Dates: June 5-July 31, 2017

Session: 8 Week Session

Time: TuWTh 4:00-5:30p

Instructor: Barbara Burgess-Van Aken

Credits: 3 credits

Department: SAGES

USNA 288W: Medieval Science

Humans have always had ways to distinguish themselves from one another, employing different approaches to defining concepts we now refer to as race/ethnicity, dis/ability, sexuality, and gender. Science has always been an important component to these constructs, although what constituted science and scientific inquiry varied widely based on culture and historical context. Most recently, our advancing understanding of genetics has produced ever more nuanced definitions of human difference, even as we have come to recognize that such explanations often compete with theories that are grounded in social and cultural values, rather than scientific observation. Yet how did people explain human diversity in the 1000 years before the Scientific Revolution unfolded in Europe?

In this seminar, we will investigate how medieval thinkers differentiated humans using a mix of medical observation, philosophy, theories about the natural world, cultural prejudice, and religious belief. We will examine how Greek, Roman, Chinese, Indian, Arab, and early European theories of human difference shaped a medieval view of humanity that is occasionally strikingly different from our own and often quite familiar. How did people living in this period differentiate humans from the rest of the natural world? Did they use the same categories of race, gender, and sexuality that we use? How did scientific thinking evolve to construct these taxonomies of difference? How did historical movements and events such as global commerce, the slave trade, and the Crusades influence the development of these ways of thinking? To explore these questions, we will read a variety of primary texts from the medieval period, in the hopes that by discussing these other approaches to defining human differences, we will gain greater insight into our own frameworks and assumptions.

Dates: June 5-July 31, 2017

Session: 8 Week Session

Time: MWTh 2:30-4:00p

Instructor: Lisa Nielson

Credits: 3 credits

Departments: New 2017 Summer, SAGES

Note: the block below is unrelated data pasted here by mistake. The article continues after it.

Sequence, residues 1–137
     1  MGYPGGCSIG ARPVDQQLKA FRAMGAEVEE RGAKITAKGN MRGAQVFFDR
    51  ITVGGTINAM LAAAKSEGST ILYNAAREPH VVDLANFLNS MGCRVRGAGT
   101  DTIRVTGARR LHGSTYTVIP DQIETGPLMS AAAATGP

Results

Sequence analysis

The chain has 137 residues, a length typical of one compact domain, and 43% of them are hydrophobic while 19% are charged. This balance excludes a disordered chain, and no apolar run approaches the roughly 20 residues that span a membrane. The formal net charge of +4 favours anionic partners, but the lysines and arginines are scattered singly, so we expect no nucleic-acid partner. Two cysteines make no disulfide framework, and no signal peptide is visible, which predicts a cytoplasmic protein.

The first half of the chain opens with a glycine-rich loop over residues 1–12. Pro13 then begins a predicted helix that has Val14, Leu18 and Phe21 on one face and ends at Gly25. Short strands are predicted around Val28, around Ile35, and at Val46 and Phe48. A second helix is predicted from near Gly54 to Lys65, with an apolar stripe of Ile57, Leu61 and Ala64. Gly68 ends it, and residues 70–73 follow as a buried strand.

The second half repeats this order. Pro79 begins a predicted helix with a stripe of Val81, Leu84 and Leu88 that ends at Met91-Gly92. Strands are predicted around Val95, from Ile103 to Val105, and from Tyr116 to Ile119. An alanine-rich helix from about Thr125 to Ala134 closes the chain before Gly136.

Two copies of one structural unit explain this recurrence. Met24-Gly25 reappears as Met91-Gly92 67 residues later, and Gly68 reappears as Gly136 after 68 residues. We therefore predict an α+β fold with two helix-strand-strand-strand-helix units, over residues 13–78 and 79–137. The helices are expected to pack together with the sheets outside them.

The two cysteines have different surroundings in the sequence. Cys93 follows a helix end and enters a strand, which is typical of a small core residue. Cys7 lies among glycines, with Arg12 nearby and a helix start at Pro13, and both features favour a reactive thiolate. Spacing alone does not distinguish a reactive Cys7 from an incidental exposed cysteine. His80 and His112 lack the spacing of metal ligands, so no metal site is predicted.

USNA 288Y: The Survival of Humans

Although people use the words “natural” or “Mother Nature” to suggest that the natural world is kind and considerate to humans, human survival could just as easily be viewed as occurring despite nature, rather than being facilitated by it. At the moment, humans are the dominant species on Earth, but past geological records suggest that human dominance is only temporary.  Indeed, there have been five clearly identified mass extinctions in the history of the Earth, and it is likely that another mass extinction will occur, through “natural” or human-driven causes.  The course will cover how any species survives to pass on genetic material, with a particular emphasis on ways that humans are at risk. In order to explore this topic, students will learn about physical and biological phenomena that affect the physiology and evolution of a species.  We will discuss the risk factors for different types of mass extinctions, how a threat to one species might provide opportunities for other species, and how humans might prepare to withstand a threat to their survival. Students will debate questions such as how humans react to a gradual threat such as climate change as compared to a catastrophic event such as a meteor strike; what people would do if they knew the end of Earth was approaching; and what technology might aid human survival.  We will draw from biology, chemistry, epidemiology, physiology, and astronomy to understand how humans are fighting a battle for survival with the natural world.